As you get older, you may experience age-related eye problems. This is why it’s important to have regular eye checks to help avoid vision problems and minimise permanent loss.
While many eye problems can develop at any age, they’re more common as you get older and in those who have a family history of eye conditions. The most common of these include a detached retina or rapid onset of glaucoma.
Unfortunately, ageing also increases your risk for certain types of sight-threatening eye conditions that can lead to blindness.
Globally, over 250 million people live with vision impairment, says the World Health Organization. Around 80% of those could have been either avoided or cured.
See your eye doctor as soon as possible if you experience:
- A gradual loss of central vision. This includes distortions like straight lines appearing wavy.
- An irritated sensation and pain in the eye surface. This could be caused by dry eye syndrome.
- Sudden loss of vision in one eye. This could signal a number of eye diseases and conditions.
- Onset eye pain, redness, nausea and vomiting. These symptoms could mean an acute attack of narrow-angle glaucoma, which can permanently damage the eye’s optic nerve. You’ll need immediate treatment to help avoid permanent vision loss.
- Seeing floaters and flashes is a natural part of the ageing process and is usually harmless. Spots or floaters are shadowy images of particles floating in the fluid that fills the inside of the eye. If you suddenly see more floaters than normal, and they’re accompanied by bright and flashing lights, see your doctor.
- Double vision, double images or “ghost” images. In some cases, these can signal an underlying health emergency like a stroke.
- Cloudy and blurred eyesight, “halos” around lights at night, loss of bright colour vision. These vision changes are linked to cataracts. Cataracts progress slowly and are usually not a medical emergency. As your eye’s natural lens continues to cloud with ageing, your vision will deteriorate unless you have cataract surgery. Surgery will replace your cloudy lens with a custom intraocular lens that’s implanted in the eye as part of a treatment. If you wait too long for the surgery, you increase your chance of complications that may lead to glaucoma. This can also cause the cloudy lens to harden and become more difficult to remove.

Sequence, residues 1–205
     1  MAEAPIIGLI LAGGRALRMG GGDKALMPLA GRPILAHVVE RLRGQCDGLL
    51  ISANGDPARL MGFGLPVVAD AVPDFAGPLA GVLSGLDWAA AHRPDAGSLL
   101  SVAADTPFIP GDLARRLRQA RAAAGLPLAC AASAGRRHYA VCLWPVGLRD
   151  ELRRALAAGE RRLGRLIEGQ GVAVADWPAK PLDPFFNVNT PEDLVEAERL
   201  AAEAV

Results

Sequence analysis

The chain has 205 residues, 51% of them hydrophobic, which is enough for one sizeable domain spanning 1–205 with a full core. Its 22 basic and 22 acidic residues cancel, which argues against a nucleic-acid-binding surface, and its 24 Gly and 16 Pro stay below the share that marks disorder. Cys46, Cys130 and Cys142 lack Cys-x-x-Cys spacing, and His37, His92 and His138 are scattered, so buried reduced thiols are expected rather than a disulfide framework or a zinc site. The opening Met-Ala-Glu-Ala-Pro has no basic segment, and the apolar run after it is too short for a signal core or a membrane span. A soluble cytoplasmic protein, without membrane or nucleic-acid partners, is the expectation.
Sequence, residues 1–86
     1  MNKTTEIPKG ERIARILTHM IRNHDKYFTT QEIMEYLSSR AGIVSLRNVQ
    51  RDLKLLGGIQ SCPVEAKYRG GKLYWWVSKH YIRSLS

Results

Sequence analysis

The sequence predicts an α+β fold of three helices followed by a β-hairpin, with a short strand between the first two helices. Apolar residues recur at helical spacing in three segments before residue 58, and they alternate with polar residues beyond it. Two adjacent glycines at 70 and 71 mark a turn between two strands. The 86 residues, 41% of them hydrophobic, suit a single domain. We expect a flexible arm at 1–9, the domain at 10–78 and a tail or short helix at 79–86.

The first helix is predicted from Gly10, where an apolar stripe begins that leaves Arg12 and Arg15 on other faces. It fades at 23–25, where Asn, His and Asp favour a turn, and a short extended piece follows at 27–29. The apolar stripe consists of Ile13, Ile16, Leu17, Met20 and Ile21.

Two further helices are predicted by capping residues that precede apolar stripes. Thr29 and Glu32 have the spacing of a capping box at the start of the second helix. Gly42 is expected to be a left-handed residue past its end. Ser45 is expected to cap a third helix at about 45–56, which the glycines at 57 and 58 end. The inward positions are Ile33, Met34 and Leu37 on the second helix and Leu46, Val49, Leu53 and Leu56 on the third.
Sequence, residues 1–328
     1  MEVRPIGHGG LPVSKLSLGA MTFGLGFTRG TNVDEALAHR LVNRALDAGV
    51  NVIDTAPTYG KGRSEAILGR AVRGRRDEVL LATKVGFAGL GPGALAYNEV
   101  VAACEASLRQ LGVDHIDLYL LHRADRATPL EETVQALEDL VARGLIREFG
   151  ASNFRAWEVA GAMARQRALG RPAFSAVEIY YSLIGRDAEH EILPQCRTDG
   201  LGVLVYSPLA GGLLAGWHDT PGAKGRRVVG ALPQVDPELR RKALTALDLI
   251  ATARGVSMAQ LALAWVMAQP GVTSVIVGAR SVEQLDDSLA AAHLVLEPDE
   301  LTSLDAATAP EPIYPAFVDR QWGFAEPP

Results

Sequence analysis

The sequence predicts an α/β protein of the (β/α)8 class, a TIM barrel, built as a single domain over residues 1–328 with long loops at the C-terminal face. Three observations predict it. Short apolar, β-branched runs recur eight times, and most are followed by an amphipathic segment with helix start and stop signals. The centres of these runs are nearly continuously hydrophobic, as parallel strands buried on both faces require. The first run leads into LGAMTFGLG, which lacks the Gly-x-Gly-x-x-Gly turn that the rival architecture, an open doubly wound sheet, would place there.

- A shadow or dark curtain in vision. This could be caused by a retinal detachment, which happens when the retina separates from the underlying layer of nourishing blood vessels (choroid). If the retina is not reattached within hours, you can permanently lose your vision.
Other possible vision problems to look out for
- Reading things very close to the face or at an angle.
- Writing less clearly and having trouble writing on a line.
- Problems getting food onto a fork or spoon.
- Difficulty cutting food.
- Trouble identifying colours.
- Choosing clothes in unusual combinations of colours or patterns.
- Squinting or tilting your head to the side to focus on an object.
- Brushing against walls while walking.
- Difficulty walking on irregular or bumpy surfaces
Minimise age-related eye problems
Reduce your risk of developing serious eye problems later in life by maintaining a healthy lifestyle and going for routine eye checks. Eating a balanced diet with plenty of nutritious food heavy in vitamins A, E and omega 3’s may also reduce your risk of certain eye problems.